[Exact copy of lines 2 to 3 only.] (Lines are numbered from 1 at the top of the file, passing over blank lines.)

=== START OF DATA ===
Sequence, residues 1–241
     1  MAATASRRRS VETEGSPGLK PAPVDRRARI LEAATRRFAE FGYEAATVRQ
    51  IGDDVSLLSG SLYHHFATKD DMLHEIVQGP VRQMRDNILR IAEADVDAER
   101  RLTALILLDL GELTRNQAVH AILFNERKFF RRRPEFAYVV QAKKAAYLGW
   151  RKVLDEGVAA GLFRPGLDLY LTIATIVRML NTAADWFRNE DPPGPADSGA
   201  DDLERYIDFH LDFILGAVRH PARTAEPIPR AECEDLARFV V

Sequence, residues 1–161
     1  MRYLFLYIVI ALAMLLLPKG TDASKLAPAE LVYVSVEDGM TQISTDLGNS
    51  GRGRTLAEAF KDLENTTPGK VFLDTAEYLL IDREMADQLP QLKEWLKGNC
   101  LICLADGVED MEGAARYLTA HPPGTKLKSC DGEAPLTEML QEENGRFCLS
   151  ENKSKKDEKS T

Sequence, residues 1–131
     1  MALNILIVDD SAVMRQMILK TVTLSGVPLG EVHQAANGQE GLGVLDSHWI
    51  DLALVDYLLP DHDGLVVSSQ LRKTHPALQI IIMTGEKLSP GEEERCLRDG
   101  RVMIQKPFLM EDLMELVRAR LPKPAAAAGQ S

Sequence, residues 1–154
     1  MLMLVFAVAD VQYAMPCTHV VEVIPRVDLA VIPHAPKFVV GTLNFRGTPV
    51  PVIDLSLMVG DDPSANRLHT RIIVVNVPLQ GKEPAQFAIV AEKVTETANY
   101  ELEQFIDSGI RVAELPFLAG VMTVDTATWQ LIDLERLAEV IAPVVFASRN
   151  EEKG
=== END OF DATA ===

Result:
     1  MAATASRRRS VETEGSPGLK PAPVDRRARI LEAATRRFAE FGYEAATVRQ
    51  IGDDVSLLSG SLYHHFATKD DMLHEIVQGP VRQMRDNILR IAEADVDAER